September 7, 2007 6:53 AM

That sound you heard just might be the last dying gasp of the Internet as we know it

Justice Department opposes ‘net neutrality’

WASHINGTON‚Äö√Ñ√Æ The Justice Department said today that Internet service providers should be allowed to charge a fee for priority Web traffic. The agency told the Federal Communications Commission, which is reviewing high-speed Internet practices, that it is opposed to “Net neutrality,” the principle that all Internet sites should be equally accessible to any Web user. Several phone and cable companies, such as AT&T Inc., Verizon Communications Inc. and Comcast Corp., have previously said they want the option to charge some users more money for loading certain content or Web sites faster than others. The Justice Department said imposing a Net neutrality regulation could hamper development of the Internet and prevent service providers from upgrading or expanding their networks. It could also shift the “entire burden of implementing costly network expansions and improvements onto consumers,” the agency said in its filing. Such a result could diminish or delay network expansion and improvement, it added. The agency said providing different levels of service is common, efficient and could satisfy consumers. As an example, it cited that the U.S. Postal Service charges customers different guarantees and speeds for package delivery, ranging from bulk mail to overnight delivery.

Yeah, you remember the hoopla, right? The Internet was going to be the vehicle that brings the world together, that unites us all across continents and time zones, and that makes our world a more interesting and egalitarian place to be. It was going to be the Great Uniter, where everyone regardless of class, race, or the size of their bank account had equal access to the vast information available on the World Wide Web. This was the concept of “net neutrality”, the idea that all content should be equally available to all Internets users. This philosophy holds that content providers shouldn’t be able to discriminate against certain segments of Internet users via the employment of tiered, “premium” services.

Somewhere, though, you had to know that someone’s sitting in their well-appointed 57th-floor office, thinking what a load of socialist crap “net neutrality” is. To this way of thinking, all net neutrality does is prevent corporations from making their bank off the Internet. If a company can provide a service, why shouldn’t it be able to sell it in the way that benefits the company and it’s shareholders in the most remunerative manner possible? Hey, if the market will bear it, why should they not be able to charge for it?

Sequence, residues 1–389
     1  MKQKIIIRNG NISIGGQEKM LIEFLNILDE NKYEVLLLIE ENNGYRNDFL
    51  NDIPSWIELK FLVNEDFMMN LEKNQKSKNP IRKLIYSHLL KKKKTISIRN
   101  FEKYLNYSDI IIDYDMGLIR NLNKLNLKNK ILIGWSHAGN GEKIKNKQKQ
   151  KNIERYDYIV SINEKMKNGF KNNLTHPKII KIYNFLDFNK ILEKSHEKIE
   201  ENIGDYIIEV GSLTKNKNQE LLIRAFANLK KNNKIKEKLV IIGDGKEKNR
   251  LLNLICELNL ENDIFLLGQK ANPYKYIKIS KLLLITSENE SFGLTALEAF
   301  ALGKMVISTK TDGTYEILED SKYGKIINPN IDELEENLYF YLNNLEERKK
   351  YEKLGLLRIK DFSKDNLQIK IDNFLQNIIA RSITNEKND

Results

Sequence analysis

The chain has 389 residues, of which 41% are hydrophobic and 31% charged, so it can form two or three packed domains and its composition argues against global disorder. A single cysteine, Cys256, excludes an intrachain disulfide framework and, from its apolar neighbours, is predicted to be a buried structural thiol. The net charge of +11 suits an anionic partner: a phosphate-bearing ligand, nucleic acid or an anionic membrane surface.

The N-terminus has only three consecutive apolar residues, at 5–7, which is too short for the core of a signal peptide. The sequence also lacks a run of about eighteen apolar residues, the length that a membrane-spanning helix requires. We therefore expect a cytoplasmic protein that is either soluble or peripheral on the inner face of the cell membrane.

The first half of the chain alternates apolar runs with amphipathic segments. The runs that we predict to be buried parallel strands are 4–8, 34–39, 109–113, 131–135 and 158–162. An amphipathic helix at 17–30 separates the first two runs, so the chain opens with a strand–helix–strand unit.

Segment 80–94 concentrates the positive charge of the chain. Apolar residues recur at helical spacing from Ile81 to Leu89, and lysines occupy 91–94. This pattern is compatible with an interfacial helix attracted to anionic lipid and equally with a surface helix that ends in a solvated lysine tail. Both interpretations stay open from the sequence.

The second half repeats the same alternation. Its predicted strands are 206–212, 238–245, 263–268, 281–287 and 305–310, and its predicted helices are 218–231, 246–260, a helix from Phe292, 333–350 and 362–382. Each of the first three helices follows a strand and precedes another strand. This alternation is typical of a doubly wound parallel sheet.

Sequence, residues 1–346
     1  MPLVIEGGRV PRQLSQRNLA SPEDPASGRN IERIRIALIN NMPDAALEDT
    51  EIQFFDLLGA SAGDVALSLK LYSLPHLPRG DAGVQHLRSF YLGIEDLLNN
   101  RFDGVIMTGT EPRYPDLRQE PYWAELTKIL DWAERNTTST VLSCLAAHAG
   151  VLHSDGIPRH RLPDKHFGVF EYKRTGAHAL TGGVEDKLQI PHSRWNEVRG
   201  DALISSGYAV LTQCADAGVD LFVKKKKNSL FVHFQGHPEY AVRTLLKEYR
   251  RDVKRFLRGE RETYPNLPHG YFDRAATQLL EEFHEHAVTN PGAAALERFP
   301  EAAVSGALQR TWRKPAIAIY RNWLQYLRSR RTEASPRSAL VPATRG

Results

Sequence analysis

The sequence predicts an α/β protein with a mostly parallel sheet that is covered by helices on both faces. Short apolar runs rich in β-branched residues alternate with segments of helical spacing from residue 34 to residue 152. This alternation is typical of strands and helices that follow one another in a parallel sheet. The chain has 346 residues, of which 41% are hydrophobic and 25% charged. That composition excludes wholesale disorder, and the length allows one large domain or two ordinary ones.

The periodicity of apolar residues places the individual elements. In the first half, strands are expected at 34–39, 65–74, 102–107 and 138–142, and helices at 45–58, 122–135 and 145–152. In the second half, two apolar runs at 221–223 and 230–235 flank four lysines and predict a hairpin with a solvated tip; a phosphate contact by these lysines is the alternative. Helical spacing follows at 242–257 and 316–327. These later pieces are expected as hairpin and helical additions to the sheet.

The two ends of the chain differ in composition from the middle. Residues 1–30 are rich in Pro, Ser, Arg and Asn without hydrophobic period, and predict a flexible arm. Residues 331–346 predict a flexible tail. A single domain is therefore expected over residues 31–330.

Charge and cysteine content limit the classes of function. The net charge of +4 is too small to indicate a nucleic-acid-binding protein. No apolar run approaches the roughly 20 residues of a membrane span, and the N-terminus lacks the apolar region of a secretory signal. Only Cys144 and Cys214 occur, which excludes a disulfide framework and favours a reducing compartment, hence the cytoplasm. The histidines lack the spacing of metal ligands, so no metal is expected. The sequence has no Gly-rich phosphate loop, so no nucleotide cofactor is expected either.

I’m a believer in the power of free markets, but like anything else in this world, the free markets is not a one-size-fits-all solution. If a free market solution is applied to the idea of Internet access, net neutrality will go the way of the buffalo, to be replaced by a system in which information availability is based on your ability to pay. In a world where information is power, this in no small consideration. What better way to create a community of information “haves” and “have nots”?

Are we to tolerate the creation of a system in which information is available largely only to those who can pay for it? Left to normal market forces, the Internet will cleave into segments where those who can pay will have access to the most information. Think of the Lexis-Nexis model applied by American telecoms, and you might have an idea of what the future just might look like.

Yes, I believe that telecoms, like any other business, have a right to make a fair profit. However, when that profit comes by virtue of segregating access to information based on ability to pay, I believe the free market needs to take a back seat to the greater good. If telecoms refuse to recognize and accept this, then government should step in to ensure that net neutrality continues to exist. Unfortunately, this iteration of the federal government is run by neoConservatives who seem to see their primary role as metaphorically fellating Big Business. Until and unless Congressional Democrats manage to grow a pair, the Brave New World of the Internet may well end up looking nothing like the relatively egalitarian place we know now.

Welcome to the true meaning of the Golden Rule: He who has the gold, makes the rules. For the rest of you…well, you’ll take when you can get, and you’ll like it.

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This page contains a single entry by Jack Cluth published on September 7, 2007 6:53 AM.

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